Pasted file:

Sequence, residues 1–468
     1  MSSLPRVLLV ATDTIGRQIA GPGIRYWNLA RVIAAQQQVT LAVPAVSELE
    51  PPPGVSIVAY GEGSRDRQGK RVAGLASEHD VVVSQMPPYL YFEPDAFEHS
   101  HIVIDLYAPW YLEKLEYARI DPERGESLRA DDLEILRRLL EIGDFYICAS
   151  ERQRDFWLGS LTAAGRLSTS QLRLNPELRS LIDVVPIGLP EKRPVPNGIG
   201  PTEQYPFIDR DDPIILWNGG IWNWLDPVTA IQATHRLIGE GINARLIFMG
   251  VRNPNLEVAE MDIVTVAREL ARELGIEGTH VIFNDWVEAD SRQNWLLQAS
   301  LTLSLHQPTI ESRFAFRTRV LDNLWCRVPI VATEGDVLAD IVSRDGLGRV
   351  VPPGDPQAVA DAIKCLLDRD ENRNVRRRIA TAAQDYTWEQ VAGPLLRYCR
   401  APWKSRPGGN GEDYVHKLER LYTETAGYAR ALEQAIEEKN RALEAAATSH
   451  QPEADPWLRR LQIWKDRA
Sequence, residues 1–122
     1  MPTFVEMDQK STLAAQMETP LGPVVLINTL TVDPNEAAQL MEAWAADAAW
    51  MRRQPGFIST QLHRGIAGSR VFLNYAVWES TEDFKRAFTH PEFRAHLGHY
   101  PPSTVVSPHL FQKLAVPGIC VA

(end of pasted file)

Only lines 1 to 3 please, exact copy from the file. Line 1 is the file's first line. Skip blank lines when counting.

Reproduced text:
Sequence, residues 1–468
     1  MSSLPRVLLV ATDTIGRQIA GPGIRYWNLA RVIAAQQQVT LAVPAVSELE
    51  PPPGVSIVAY GEGSRDRQGK RVAGLASEHD VVVSQMPPYL YFEPDAFEHS